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§ 482. But not to dwell farther on these important inducements "to form a more perfect union," let us pass to the next object, which is to "establish justice." This must for ever be one of the great ends of every wise government; and even in arbitrary governments it must, to a great extent, be practised, at least in respect to private persons, as the only security against rebellion, private vengeance, and popular cruelty. But in a free government it lies at the very basis of all its institutions. Without justice being freely, fully, and impartially administered, neither our persons, nor our rights, nor our property, can be protected. And if these, or either of them, are regulated by no certain laws, and are subject to no certain principles, and are held by no certain tenure, and are redressed, when violated, by no certain remedies, society fails of all its value; and men may as well return to a state of savage and barbarous independence. No one can doubt, therefore, that the establishment of justice must be one main object of all our state governments. Why, then, may it be asked, should it form so prominent a motive in the establishment of the national government?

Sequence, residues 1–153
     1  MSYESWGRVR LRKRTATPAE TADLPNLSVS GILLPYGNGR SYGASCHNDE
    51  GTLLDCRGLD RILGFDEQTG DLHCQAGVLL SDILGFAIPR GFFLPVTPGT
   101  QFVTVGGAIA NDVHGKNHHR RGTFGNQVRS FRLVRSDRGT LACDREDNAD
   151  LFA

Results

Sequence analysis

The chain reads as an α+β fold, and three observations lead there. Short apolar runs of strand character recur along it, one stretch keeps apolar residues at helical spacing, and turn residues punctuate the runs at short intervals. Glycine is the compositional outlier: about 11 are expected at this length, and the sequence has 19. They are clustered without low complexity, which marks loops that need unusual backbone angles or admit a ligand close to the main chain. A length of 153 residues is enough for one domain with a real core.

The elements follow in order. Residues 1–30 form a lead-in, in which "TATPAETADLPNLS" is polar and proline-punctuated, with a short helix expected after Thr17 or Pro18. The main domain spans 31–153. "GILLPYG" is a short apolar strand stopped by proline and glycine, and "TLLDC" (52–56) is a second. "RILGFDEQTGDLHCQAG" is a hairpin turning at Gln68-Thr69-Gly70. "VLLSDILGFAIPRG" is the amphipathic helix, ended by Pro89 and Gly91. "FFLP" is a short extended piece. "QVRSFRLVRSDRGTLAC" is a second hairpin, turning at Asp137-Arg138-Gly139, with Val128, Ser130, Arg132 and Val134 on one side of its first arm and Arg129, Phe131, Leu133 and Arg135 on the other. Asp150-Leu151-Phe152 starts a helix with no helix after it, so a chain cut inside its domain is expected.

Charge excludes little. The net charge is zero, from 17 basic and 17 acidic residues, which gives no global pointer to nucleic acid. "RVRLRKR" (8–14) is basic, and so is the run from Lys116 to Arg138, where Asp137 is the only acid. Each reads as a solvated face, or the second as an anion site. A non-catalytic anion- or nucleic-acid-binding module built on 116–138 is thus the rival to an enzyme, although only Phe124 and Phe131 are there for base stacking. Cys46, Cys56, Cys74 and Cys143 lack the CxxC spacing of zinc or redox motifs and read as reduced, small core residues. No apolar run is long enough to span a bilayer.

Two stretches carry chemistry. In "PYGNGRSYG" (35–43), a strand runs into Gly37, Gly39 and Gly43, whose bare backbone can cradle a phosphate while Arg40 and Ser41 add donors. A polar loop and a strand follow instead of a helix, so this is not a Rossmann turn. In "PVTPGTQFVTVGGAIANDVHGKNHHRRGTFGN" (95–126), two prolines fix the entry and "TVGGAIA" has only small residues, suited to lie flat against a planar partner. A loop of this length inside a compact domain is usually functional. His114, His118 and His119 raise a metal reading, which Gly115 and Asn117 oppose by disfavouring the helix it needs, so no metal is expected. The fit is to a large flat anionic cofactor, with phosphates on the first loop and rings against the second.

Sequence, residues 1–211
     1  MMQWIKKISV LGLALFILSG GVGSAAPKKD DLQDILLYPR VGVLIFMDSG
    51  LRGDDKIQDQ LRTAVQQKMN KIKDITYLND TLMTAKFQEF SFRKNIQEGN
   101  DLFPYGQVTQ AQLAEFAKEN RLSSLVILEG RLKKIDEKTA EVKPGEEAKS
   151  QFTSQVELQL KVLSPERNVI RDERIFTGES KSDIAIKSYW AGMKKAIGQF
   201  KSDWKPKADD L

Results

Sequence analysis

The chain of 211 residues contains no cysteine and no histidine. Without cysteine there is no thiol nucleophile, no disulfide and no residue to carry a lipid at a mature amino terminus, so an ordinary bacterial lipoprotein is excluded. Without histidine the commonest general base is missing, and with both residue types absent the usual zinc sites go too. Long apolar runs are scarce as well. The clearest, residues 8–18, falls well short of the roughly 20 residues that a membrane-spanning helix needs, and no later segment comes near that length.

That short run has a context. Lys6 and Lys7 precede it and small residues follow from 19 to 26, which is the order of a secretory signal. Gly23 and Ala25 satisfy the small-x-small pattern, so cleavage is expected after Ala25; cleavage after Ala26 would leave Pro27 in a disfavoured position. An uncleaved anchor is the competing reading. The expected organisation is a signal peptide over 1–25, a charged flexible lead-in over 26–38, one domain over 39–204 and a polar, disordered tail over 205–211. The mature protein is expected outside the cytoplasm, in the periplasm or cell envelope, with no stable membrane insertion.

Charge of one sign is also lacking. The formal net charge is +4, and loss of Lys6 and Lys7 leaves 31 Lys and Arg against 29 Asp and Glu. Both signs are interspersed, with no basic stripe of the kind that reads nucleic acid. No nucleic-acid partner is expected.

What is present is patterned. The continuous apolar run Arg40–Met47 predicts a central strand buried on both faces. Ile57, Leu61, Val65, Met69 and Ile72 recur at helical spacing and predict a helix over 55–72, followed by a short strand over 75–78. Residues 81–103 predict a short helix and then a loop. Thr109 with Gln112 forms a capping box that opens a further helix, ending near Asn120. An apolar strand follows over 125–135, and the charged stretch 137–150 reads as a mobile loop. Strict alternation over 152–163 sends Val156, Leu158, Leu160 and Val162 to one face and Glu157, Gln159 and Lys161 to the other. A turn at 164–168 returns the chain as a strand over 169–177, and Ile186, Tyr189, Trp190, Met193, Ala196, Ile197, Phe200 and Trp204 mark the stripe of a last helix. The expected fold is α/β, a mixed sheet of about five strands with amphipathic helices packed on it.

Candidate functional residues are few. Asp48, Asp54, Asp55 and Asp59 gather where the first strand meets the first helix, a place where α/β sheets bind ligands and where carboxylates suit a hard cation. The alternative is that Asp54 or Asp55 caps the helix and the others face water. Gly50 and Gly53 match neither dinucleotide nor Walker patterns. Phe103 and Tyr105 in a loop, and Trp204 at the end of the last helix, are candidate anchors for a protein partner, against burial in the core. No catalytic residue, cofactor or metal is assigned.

§ 483. This is now proposed to be shown in a concise manner. In the administration of justice, foreign nations, and foreign individuals, as well as citizens, have a deep stake; but the former have not always as complete means of redress as the latter; for it may be presumed, that the state laws will always provide adequate tribunals to redress the grievances and sustain the rights of their own citizens. But this would be a very imperfect view of the subject. Citizens of contiguous states have a very deep interest in the administration of justice in each state; and even those, which are most distant, but belonging to the same confederacy, cannot but be affected by every inequality in the provisions, or the actual operations of the laws of each other. While every state remains at full liberty to legislate upon the subject of rights, preferences, contracts, and remedies, as it may please, it is scarcely to be expected, that they will all concur in the same general system of policy. The natural tendency of every government is to favour its own citizens; and unjust preferences, not only in the administration of justice, but in the very structure of the laws, may reasonably be expected to arise. Popular prejudices, or passions, supposed or real injuries, the predominance of home pursuits and feelings over the comprehensive views of a liberal jurisprudence, will readily achieve the most mischievous projects for this purpose. And these, again, by a natural reaction, will introduce correspondent regulations, and retaliatory measures in other states.